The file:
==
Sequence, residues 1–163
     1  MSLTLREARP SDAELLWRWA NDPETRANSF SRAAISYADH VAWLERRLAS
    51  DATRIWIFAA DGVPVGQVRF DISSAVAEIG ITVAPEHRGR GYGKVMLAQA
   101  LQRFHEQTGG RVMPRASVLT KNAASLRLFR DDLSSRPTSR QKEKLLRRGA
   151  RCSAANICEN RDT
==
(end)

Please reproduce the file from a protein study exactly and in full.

Sequence, residues 1–163
     1  MSLTLREARP SDAELLWRWA NDPETRANSF SRAAISYADH VAWLERRLAS
    51  DATRIWIFAA DGVPVGQVRF DISSAVAEIG ITVAPEHRGR GYGKVMLAQA
   101  LQRFHEQTGG RVMPRASVLT KNAASLRLFR DDLSSRPTSR QKEKLLRRGA
   151  RCSAANICEN RDT